A Filipino writer imagined the 100th anniversary of Apollo 11
The 50th anniversary of the Apollo 11 moon landing was celebrated last week. There will, of course, be future anniversary celebrations of the momentous event.
About 40 years ago, one of the Philippines’ greatest writers actually imagined the Apollo mission’s 100th anniversary.
My friend Gregorio Brillantes, who was my editor in the 1980s, published “The Apollo Centennial” in 1980. It is one of the best Filipino short stories in English ever written. Academic Timothy Montes called the story “the first successful science fiction story written by a Filipino.”
It’s not a typical science fiction story. There are no astronauts or Space Age travelers, no sophisticated gadgets or intergalactic creatures, no futuristic storylines.
“The Apollo Centennial” is actually about the Philippines. More precisely, it’s about the Philippines and how, in Greg’s imagination, it would be transformed by the regime of the dictator who was in power when he wrote the story: Ferdinand Marcos.
The story is set in the year 2069. The world is marking the 100th anniversary of Apollo mission, and the celebration extends to a troubled rural community in the Philippines. There, Arcadio Nagbuya, a poor farmer, is taking his children to see an exhibit of the Apollo centennial.
It’s not an easy journey, for they have to wait for a makeshift raft to cross a river, and then take a bus that must pass through military checkpoints where soldiers are on the lookout for rebel guerrillas. The security forces even have fighter bomber “helidiscs” patrolling the skies in the hunt for rebels.
At the exhibit, Cadio and his sons marvel at the photos of the historic event and the taped voice of Neil Amstrong repeating his famous quote, “One small step for man, one giant leap for mankind.”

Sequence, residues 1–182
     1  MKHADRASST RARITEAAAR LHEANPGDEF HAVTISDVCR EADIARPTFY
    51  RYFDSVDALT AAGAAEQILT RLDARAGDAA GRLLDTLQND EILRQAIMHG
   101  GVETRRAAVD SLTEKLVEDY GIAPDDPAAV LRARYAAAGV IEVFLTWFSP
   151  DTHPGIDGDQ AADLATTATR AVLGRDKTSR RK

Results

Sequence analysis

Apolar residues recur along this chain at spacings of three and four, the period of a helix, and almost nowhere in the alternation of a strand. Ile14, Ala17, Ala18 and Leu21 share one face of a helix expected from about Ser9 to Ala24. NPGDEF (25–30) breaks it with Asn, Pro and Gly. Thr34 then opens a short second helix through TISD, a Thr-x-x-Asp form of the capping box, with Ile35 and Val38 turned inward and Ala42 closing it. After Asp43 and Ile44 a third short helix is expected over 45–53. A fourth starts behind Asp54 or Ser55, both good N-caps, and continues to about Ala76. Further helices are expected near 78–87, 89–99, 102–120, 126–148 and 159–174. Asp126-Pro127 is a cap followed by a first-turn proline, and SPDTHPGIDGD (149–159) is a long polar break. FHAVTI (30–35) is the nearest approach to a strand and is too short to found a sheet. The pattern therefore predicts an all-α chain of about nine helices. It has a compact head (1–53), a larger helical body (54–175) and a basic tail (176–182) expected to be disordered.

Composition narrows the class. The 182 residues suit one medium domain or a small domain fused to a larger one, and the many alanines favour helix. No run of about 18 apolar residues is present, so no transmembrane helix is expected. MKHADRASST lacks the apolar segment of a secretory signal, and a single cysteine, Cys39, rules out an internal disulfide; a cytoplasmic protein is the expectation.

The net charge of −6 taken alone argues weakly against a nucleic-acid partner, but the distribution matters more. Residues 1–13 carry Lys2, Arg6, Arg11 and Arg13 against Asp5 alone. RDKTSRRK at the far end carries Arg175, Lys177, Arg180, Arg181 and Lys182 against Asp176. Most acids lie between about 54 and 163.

Cadio and his sons are enthralled by one of the most important technological leaps in the history of the world at a time when they’re trapped in a society under the iron grip of a tyrant.
“The Apollo Centennial” paints a future that many Filipinos feared in the 1970s and 1980s: That Marcos would be in power for a very long time, and his legacy will survive forever. In Brillantes’s Philippines of 2069, people speak Tagilocan. Society is so repressive that the other regional languages are on their way to being made extinct.
On the trip back from the exhibit, Cadio and his sons briefly run into his cousin, Andres, who is part of the rebellion. Greg writes: “His cousin clicks off the flashlight and speaks to him, not in Tagilocan, but in the old language…and the tender fluid accents of their fathers’ tongue, unheard for so long yet never quite lost nor forgotten, bring a swift rush of pride and love that pushes back the enclosing dread.”
It’s a simple, yet moving, scene, one that I have enjoyed rereading through the years.
What is truly striking is the prescience of Greg’s story.
Filipinos kicked out the dictator six years after “The Apollo Centennial” was published. Marcos died in exile in 1989.
There is no such language called Tagilocan. There are no fighter bomber “helidiscs” patrolling the skies.
Instead, there’s tokhang .. there are mass killings inspired by yet another tyrant, a thug with brazen disregard for the rights of women, poor Filipinos and anyone who disagrees with his regime, who is leading the nation in a giant leap back to the past, with a vision for the Philippines as cold and barren as the moon.
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